Giving Thanks: Being Grateful Has Positive Effects on Wellbeing
Thanksgiving, as its name suggests, is a day for giving thanks – and pausing to do so can actually be beneficial for your mental health and happiness. William James College clinical psychology faculty member, Dr. Claire Fialkov, explains how expressing gratitude can influence wellbeing:
In our fast-paced, “get to the finish line” culture, we rarely take or make the time to sit with friends and family and share our gratitude. Thanksgiving provides us with a sanctioned time to do just that. In addition to its time-honored association with turkey and an abundance of food, it is associated with giving thanks, with being grateful.
Gratitude allows us to appreciate what we have. It allows us to live in the present. Positive psychology research strongly suggests that gratitude is associated with higher levels of optimism and wellbeing. Those among us who are grateful seem to be better at dealing with adversity and seem happier. When we have a chance to stand back and reflect on all we have, it is natural to feel more grateful.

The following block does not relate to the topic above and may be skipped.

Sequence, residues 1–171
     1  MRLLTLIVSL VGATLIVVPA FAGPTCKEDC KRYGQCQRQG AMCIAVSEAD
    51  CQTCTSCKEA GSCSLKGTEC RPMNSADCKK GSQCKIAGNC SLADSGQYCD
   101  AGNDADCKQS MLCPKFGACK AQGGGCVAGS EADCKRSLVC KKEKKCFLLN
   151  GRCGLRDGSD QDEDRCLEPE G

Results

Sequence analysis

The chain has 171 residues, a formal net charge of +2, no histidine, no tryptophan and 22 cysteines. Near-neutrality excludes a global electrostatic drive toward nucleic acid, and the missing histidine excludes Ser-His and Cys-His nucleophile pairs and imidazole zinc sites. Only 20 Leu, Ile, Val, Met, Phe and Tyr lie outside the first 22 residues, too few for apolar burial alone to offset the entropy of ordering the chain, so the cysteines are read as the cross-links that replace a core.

One question we might ask ourselves as Thanksgiving rolls around this year is “why did we wait so long?” What if we took the time to express our gratitude to ourselves and to others more often? Easier said than done apparently. The fast pace of life as we know it, and have come to anticipate, does not lend itself to the slowness and intentionality that gratitude requires.
So, enjoy the holiday, and if you’d like to have more optimism and wellbeing in your life, consider having a time of Thanksgiving more often – turkey optional.
- Around Campus